If the underlying and often emotionally charged assumptions, expectations and perspectives riddled with inequities and historical legacies of social injustice don't change, nothing will really change.  The polarization, disconnect and oppression will continue.


Spend six weeks over alternating *Fridays and Sundays learning and interacting with Meira Greenfeld, a renowned activist, community leader, educator, clinician and attorney where she will education and provide strategies and thought provoking inquiry to transform your thinking with respect to well-being, and in particular, how you approach conflict and difference.

Learn in Community Over Six Weeks

If you care about your personal and professional growth, you've probably already experienced or witnessed amazing instances of transformation and possibility.  You will also have had some awareness of what it takes to change.  However, even experienced professionals can struggle with new paradigms and get stuck or stressed when it comes to dealing with novel or politically charged experiences.  If we have unresolved trauma, this can also make us susceptible to internalized prejudices and blind-spots.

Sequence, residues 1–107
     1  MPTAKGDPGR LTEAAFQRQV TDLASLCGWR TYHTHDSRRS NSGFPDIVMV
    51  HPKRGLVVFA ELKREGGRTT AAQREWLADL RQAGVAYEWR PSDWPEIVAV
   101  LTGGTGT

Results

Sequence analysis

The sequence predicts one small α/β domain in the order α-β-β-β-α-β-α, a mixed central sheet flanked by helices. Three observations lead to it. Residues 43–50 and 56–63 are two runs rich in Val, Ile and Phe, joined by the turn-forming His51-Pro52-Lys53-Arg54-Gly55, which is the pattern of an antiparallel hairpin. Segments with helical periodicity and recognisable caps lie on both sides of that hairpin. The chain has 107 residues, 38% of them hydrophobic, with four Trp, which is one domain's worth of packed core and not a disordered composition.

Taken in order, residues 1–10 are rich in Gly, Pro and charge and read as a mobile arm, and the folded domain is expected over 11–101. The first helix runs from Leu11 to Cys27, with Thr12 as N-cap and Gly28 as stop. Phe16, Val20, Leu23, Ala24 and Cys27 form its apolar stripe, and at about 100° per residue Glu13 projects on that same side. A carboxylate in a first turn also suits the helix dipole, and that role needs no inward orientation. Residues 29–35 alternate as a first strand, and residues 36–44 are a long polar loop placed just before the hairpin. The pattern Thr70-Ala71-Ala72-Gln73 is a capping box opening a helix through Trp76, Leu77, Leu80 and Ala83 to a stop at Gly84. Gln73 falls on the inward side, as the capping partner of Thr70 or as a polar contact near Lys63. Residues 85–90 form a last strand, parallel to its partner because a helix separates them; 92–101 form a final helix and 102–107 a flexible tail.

Besides, growth isn't linear. You aren't going to meet every type of person or situation in which a clash based on race or other intersecting identity might occur. And in many cases, it isn't enough to possess awareness and humility.

This six week extended workshop allows you to practice the perspectives you will discover over time.  We simply learn better in a communal setting with time to implement what we learn in our everyday settings and return again to the community setting to address any nuances and inconsistencies.  Unlearning and relearning takes time.

How might this interactive learning benefit you?

Ever feared being "cancelled" or "called-out" by friends, colleagues or family? If so, this interactive learning experience is for you.

No matter what information a trainer provides, you have to bring your grounded self to the learning space. At least an awareness and ability to get to that space and know when you are not. See, it's not so much about learning about the "other." It's about learning about you. And you with another. It's about your tolerance for difference.